I experienced the life of a woman who was suffering much pain and anguish at the hands of someone she thought of as “the tormenter”. His eyes were cold, but he spoke softly and gently, almost with love, as he did unspeakable and painful things. Once she saw an open door and he was nowhere near, so she quickly left the house and hurried up the hillside. When she got to the top he was there. He smiled and said, “I’ve been waiting.” She turned and walked with him back to the house. All she knew was pain and waiting for more pain. There was nothing else in her life, no attempts to escape, not even the hope of escape. She resigned herself to what she saw and her spirit despaired. We are taught that ‘memories’ such as this appear when we are ready to make use of the help being offered. Having the opportunity to feel the woman’s pain while knowing that the woman was only a shadow has made it possible for me to know that everything I experience in the gray world is also a shadow. What happened to her has never happened to me, yet I have spent years living in anticipation of her pain. I have believed in a self that lives in a world of limitations for which I did not accept responsibility. I thought it was the real world, the way things really are. Even while experiencing the despair of limitations I could not believe that there was anything else-at least not for me. From time to time I would look up and see what is really there and my spirit would soar. At those times there was only that certainty and I knew that nothing else mattered. Then I would remember to be afraid of being disappointed and I would look down again. Great Master Dogen says, At the time of this absence of wisdom the whole of the highest supreme enlightenment becomes something doubtful, and every thought and thing becomes something doubtful. At this time one misses one’s chances for ever so long by acting so.4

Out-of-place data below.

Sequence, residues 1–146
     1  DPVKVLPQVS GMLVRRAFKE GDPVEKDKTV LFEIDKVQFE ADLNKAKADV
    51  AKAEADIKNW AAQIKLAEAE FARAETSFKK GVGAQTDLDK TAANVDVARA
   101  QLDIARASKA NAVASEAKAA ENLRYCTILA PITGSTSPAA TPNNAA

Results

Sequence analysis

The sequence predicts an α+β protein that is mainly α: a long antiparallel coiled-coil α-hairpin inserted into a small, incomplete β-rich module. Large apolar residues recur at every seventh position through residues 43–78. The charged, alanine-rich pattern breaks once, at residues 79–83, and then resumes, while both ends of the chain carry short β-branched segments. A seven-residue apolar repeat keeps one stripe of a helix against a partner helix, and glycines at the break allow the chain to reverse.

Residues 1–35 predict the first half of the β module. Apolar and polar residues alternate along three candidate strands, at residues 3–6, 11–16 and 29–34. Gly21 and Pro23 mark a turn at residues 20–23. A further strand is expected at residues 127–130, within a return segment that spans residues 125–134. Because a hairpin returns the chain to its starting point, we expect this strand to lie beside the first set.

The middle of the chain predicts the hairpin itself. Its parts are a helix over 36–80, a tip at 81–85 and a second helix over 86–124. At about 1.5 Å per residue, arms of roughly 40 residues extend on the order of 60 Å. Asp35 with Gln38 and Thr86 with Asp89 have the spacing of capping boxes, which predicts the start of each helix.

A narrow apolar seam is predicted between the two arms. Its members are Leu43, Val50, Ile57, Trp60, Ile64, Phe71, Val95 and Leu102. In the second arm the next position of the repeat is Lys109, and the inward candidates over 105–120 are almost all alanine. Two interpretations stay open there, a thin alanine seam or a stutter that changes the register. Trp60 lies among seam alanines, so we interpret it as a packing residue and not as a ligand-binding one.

To cling to shadows is to recreate the ancient story of self seeing nothing but self, perpetuating karma again and again. To live fully and completely is to have faith in the Truth, even when It isn’t in sight, and to stop clinging to the shadows forever. It all comes down to making a choice, the choice of responsibility, the choice to see things as they really are. The ability to make this choice comes when we finally let go. I always wondered how letting go is done and when I asked, my Master would tell me, “Just be willing to let go”. All I know now is that when the time is right, letting go happens so naturally: ‘I’ didn’t do it.